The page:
Sometimes the artist would create a space that inspired these choices. He modelled the handles on a drawer for the apartment in a particular way that made me realise that my characters were a little old-fashioned in their choices, or the filing cabinets were placed away from the wall in the office, and I would see that and decide that the character might have dropped a book down there but felt too depressed to be bothered about the effort of retrieving it. This iterative loop was very rapid, where I fed the artist ideas, and his responses inspired me to understand my characters more.

 

Interface design

We wanted to keep the interface minimal, but there needed to be various elements to help the player understand what they needed to do. These were designed by me, but implemented by the programmer on the team.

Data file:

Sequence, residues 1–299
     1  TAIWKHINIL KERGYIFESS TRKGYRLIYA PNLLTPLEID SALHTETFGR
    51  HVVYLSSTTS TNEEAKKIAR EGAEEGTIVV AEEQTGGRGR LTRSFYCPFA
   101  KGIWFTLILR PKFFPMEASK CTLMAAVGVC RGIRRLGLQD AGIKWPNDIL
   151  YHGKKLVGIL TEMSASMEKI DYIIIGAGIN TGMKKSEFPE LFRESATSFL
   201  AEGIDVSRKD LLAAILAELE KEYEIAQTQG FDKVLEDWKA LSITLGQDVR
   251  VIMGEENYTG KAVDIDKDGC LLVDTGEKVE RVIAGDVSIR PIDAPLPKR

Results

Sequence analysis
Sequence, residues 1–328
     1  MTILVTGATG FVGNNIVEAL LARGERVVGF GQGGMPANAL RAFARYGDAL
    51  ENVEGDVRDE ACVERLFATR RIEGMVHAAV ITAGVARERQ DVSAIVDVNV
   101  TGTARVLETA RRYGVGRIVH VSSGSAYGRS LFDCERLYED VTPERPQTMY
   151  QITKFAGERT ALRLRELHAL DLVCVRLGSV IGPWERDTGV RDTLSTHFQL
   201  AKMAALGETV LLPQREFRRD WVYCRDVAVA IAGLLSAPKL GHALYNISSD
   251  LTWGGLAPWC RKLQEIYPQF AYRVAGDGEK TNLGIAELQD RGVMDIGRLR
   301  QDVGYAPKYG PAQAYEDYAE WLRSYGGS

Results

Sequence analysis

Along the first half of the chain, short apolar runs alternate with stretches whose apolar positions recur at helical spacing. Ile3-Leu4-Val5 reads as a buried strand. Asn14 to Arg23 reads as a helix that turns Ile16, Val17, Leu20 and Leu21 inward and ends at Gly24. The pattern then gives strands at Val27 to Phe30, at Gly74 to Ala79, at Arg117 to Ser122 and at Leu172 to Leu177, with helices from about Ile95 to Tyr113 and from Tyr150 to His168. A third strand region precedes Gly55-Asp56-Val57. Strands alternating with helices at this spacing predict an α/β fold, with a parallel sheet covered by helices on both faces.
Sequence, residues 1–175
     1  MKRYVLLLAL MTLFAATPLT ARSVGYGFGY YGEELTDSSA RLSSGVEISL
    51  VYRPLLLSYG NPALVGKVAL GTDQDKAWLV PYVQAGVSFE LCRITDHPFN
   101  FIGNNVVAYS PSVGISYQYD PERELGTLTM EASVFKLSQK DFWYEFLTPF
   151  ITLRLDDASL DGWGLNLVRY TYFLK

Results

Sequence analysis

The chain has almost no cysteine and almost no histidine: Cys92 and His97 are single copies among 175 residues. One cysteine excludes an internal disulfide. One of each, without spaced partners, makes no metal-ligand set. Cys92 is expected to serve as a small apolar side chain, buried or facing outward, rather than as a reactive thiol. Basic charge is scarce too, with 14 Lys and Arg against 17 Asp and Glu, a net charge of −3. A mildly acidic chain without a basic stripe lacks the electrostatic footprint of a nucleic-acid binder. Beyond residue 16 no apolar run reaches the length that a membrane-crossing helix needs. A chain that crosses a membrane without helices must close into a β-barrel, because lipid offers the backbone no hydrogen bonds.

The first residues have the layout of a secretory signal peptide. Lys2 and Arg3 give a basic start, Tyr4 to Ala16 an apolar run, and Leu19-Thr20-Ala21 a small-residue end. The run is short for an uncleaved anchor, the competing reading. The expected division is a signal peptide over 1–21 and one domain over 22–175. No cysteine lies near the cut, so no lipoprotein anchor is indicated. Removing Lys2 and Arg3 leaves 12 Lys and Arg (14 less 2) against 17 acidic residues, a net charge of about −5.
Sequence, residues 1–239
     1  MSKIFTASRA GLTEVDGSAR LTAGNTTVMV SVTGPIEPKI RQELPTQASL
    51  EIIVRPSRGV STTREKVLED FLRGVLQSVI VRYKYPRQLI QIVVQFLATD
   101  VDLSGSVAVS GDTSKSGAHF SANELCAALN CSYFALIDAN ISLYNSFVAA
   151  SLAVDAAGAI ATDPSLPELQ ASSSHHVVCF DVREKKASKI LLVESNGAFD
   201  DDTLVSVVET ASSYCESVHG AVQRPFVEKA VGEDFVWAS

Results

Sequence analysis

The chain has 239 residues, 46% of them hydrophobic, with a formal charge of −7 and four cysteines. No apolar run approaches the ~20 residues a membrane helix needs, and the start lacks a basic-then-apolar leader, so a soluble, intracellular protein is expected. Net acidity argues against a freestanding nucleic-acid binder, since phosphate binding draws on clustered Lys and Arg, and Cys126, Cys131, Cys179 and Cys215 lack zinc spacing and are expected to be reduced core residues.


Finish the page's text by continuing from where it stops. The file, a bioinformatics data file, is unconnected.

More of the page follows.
Here is a list of events and the feedback I designed:

 

Reticule – not on object: Reticule is white
Reticule – on clickable object – (before second house scene): Reticule is yellow
Reticule – on clickable object – (during second house scene): Reticule is green
Reticule – clicking on empty space: Reticule pulses blue

 

Note that I also designed negative feedback (when the player clicks but there is nothing to remove from the game at that point). It is always important to make sure that the player knows when they are doing something wrong! Audio cues were added to support the visual positive and negative feedback systems.

 

In the world, we had highlighting in yellow, the colour of the dead boyfriend, to show objects that could be clicked on. There was a yellow bar at the top of the screen that got smaller when the player removed more yellow objects, and on the title screen the buttons were highlighted yellow when you started the game.